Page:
While finding toilet paper and paper towels has become a little easier they are still far from plentiful and we all want to know why.
So imagine the questions you might face if you worked for one of the world’s largest suppliers of those products.
“We have family and friends all over the map and we’re being asked all about that,” Eric Abercrombie said.
He lives in Atlanta where his company Georgia-Pacific is headquartered.
Like other paper product companies, Georgia-Pacific was taken by surprise at the start of the pandemic, according to Abercrombie.
“We saw a consumer spike in purchasing. We saw that several weeks back where we saw our retail demand go about two times,” he said.
Early on, the problem with supply catching up with demand seemed to be on the demand end.
Some experts attributed the shortage to consumer panic that led to hoarding.
But that should have cleared up weeks ago.
So Georgia-Pacific, using industry and census data, did some calculating.
Turns out, now that most people are using the bathroom solely at home, and not in commercial businesses, the demand for toilet paper made for home usage is up a whopping 40 percent, according to the paper company, which along with other manufacturers, is trying hard to make up the difference.
“We’re still also seeing demand on the commercial side as well as the consumer side,” he said. “So on the consumer side, people need it for their homes. We’ve got some information out there that we’re seeing probably about a 40 percent or so increase in the use at home because people are sheltering in place as they should. But we are also seeing demand on our commercial side, specifically healthcare, a lot of our grocers are asking for product as well, manufacturing still needs it. So we still see supply requests on both sides of the coin.”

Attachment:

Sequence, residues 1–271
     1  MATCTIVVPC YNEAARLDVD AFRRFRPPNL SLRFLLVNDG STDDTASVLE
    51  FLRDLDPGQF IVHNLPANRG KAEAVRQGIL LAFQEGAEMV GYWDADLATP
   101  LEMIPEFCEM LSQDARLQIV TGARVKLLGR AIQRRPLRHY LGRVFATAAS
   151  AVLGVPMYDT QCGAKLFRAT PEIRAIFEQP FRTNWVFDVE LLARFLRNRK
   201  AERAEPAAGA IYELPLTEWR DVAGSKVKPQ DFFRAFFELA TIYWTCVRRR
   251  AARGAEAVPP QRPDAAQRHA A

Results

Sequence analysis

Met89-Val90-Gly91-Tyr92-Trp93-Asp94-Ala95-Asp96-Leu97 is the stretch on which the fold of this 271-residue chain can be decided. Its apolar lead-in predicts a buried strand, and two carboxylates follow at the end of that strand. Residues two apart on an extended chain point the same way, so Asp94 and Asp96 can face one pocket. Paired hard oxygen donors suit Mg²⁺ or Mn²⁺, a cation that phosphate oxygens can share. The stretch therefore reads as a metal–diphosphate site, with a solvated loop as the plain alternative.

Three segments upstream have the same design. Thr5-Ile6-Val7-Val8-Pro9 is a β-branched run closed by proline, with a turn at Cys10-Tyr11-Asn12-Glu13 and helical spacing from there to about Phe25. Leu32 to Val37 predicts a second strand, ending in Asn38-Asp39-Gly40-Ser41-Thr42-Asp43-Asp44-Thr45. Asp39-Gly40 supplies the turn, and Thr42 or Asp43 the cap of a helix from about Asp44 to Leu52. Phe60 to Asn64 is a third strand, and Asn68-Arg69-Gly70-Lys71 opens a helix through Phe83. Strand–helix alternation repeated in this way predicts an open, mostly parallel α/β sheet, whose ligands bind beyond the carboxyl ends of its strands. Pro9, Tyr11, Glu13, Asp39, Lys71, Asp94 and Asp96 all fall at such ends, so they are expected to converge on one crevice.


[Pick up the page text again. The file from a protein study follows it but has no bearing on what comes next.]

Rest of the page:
Abercrombie says Georgia-Pacific is even shipping directly to some grocers to try to ramp up supplies.
“We’re making product as quick as we can, shipping it out fast as we can. And it’s just a matter of time of the supply catching up to the consumer’s demand out there,” he said.
But he’s reluctant to predict when everyone will be able to find toilet paperand paper towels any time they need them.
“It’s kind of hard to say if it will get back to normal by this date because there’s a lot of factors that are involved in that,” he said.
So when you’re tempted to curse the empty shelves on the paper aisle remember, if there’s one positive thing in all this, we’ve learned to appreciate things we took for granted before, things like essential workers, schools, eating out, and, yes, even toilet paper.